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McCloskeys appear in court on gun charges, hearing postponed

The charges stem from the June 28 incident outside their Central West End home when the couple confronted protesters with a rifle and a gun

ST. LOUIS — A St. Louis couple who aimed guns toward protesters and were later charged in the incident briefly appeared in court again Tuesday.

Mark and Patricia McCloskey each had hearings Tuesday morning regarding charges of unlawful use of a weapon. The charge is a class E felony, which can carry a sentence of up to four years in prison and a fine of $10,000.

5 On Your Side's Christine Byers was inside the courtroom for the McCloskeys' hearings. She reported their hearings were postponed to Oct. 14.

While walking out of the courtroom Tuesday morning, the McCloskeys and their lawyer stopped to talk to reporters gathered outside.

Mark McCloskey said he and his wife are victims of “violent” trespassers who were shouting death threats and threats of rape against his wife.  

He blamed the "left, Democrat government" of the city for the charges and said he and his wife were "doing no more than exercising our Second Amendment rights."

Listen to the full interview with the McCloskeys after their Tuesday court appearance in the video below.

Sources tell 5 On Your Side the grand jury has met at least once on this case and has not yet made a decision on whether the couple should be indicted. Grand jurors heard testimony from several witnesses, including protesters whose trespassing charges were dismissed by attorneys for the city.

"If there is a true bill returned for either Mr. or Mrs. McCloskey we will do everything we can to fight those charges," the couple's lawyer Joel Schwartz told reporters after the court appearance Tuesday. He expects a decision by the grand jury to be made by the couple's court appearance next week.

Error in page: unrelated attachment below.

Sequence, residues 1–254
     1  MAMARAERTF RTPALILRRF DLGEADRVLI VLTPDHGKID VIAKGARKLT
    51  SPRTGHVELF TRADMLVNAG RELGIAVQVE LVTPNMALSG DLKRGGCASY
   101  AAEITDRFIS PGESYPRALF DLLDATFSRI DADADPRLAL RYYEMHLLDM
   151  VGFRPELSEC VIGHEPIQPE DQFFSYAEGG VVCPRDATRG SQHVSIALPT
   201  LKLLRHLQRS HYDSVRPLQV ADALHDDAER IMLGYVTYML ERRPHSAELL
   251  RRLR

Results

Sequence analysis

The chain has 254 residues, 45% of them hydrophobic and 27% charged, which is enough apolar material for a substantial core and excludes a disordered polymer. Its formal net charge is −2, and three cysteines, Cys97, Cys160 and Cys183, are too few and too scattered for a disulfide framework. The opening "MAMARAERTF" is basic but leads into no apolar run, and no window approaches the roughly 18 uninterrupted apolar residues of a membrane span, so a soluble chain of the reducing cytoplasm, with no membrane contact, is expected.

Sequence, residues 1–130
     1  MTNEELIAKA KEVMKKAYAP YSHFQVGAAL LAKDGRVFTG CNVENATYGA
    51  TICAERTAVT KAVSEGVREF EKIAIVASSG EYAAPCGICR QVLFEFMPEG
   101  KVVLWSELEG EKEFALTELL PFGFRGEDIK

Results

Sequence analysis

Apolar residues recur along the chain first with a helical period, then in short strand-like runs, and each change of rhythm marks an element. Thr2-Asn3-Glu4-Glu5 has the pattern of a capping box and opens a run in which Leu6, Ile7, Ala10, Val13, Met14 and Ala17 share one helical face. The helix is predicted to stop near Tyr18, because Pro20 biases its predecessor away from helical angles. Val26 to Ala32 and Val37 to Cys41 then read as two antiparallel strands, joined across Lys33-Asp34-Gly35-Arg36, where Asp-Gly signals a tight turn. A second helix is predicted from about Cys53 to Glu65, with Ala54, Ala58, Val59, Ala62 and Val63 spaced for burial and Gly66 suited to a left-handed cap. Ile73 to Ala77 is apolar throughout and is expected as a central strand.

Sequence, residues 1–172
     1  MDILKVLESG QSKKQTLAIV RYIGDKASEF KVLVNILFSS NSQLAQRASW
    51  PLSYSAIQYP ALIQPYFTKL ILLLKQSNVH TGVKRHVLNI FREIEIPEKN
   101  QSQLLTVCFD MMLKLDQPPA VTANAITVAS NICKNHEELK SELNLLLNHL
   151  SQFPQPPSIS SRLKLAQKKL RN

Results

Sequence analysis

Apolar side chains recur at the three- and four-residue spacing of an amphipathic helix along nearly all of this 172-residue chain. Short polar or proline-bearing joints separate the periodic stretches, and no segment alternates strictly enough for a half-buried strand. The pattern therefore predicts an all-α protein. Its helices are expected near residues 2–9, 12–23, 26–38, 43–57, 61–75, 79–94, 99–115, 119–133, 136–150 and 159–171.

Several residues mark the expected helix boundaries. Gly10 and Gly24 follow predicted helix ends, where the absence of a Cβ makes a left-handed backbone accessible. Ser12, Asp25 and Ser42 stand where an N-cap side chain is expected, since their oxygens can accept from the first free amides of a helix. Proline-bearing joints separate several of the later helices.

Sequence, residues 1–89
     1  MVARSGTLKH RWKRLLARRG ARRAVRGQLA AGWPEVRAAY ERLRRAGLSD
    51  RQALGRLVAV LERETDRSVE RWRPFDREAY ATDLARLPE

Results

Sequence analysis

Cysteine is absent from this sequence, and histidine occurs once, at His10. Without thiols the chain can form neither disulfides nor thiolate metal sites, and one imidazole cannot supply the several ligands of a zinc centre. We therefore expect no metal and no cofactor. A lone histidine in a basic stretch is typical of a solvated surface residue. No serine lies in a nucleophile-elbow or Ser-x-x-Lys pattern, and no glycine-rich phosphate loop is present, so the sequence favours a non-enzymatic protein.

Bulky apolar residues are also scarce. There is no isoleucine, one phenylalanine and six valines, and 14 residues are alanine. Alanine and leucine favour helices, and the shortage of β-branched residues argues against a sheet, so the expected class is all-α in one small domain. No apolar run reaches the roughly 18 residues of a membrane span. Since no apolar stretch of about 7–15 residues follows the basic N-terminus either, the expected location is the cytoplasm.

One person St. Louis Circuit Attorney Kim Gardner has not subpoenaed to appear in court is Sgt. Curtis Burgdorf, who is the lead detective on the case. 5 On Your Side reported tension between him and Gardner’s assistant circuit attorney Chris Hinckley leading up to the charges.

RELATED: St. Louis prosecutor to detective on McCloskey case: 'I suggest you quickly reassess this evidence'

The unlawful use of a weapon charges filed against the McCloskeys stem from the June 28 incident outside their Central West End home. The couple confronted protesters with a rifle and a gun. Nearly a month later, Gardner filed charges against the couple.

In a statement announcing the charges, Gardner said the McCloskeys waved their weapons in a "threatening manner" at "peaceful, unarmed protesters."

The McCloskeys first appeared in court on Aug. 31; the judge continued their cases to Oct. 6. At the time, the couple’s attorney sent a one-line statement regarding their first court date.

"We are looking forward to having these allegations litigated in a courtroom," Schwartz said in an email.

The charges drew criticism from St. Louis all the way to the White House. The president’s press secretary said President Donald Trump believes St. Louis’ top prosecutor committed an “egregious abuse of power” in charging the couple.

Missouri Governor Mike Parson called the charges “outrageous.” Missouri Attorney General Eric Schmitt filed a brief in the case of Mark and Patricia McCloskey supporting the Castle Doctrine law and seeking dismissal of the charges filed against the couple Monday evening.

“The right to keep and bear arms is given the highest level of protection in our constitution and our laws, including the Castle Doctrine. This provides broad rights to Missourians who are protecting their property and lives from those who wish to do them harm,” said Schmitt.

Mark McCloskey defended their actions the day after the incident in an interview with 5 On Your Side.

“We were threatened with our lives, threatened with a house being burned down, my office building being burned down, even our dog's life being threatened. It was, it was about as bad as it can get,” McCloskey said.

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